Study Released on Chesapeake Energy Well that Caused Earthquakes at DFW Airport

A new study on earthquakes under the DFW International Airport says they continued for seven years after Oklahoma City-based Chesapeake Energy stopped operations of a nearby wastewater injection well.

The study was carried out by scientists at Southern Methodist University in Dallas. Writing in the Journal of Geophysical Research, the scientists said the quakes started in 2008 just seven weeks after Chesapeake Energy started injecting wastewater into the well. The well was located at the south end of the airport.

Researchers with SMU and the University of Texas at Austin investigated and concluded the earthquakes were caused by the injection well. Chesapeake stopped injections in the summer of 2009 but the earthquakes continued through the end of 2015. The largest was 3.4 magnitude and it happened three years after the company closed the well.

“It’s very surprising that one year of injection could produce earthquakes running for more than seven years,” said Paul Ogwari, the study’s lead author and a post-doctoral researcher at SMU in an interview with the Dallas Morning News.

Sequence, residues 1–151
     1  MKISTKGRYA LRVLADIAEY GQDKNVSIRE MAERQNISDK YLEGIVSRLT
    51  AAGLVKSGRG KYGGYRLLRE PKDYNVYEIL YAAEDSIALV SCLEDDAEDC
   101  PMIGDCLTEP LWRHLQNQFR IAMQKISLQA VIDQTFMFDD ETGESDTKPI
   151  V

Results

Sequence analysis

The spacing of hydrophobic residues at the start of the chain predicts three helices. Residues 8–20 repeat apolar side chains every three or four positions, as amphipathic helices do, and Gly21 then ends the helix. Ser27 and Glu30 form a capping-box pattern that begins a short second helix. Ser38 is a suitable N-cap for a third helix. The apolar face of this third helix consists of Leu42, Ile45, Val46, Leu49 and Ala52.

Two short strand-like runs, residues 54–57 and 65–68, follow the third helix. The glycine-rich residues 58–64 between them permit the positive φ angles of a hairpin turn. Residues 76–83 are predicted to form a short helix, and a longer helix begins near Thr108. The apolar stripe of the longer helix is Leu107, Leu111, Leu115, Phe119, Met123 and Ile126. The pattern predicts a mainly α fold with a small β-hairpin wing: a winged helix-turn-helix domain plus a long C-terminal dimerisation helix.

He explained more than 80 percent of the quakes around the airport happened in the first seven months of the well’s operation. Since then, north Texas has experienced other earthquakes and most were around five towns and cities—Cleburne, Azle, Venus, Irving and Dallas.

Other studies, notably by the U.S. Geological Survey have concluded in Oklahoma that wastewater injection wells caused numerous quakes.

Just a year ago, the Dallas/Fort Worth Airport board okayed a $8.2 million deal with Chesapeake to settle a lawsuit that accused the drilling company of not living up to its drilling commitments.  The airport board said Chesapeake didn’t fulfill terms of a 2012 settlement of an earlier lawsuit which claimed the company had shortchanged royalty payments.

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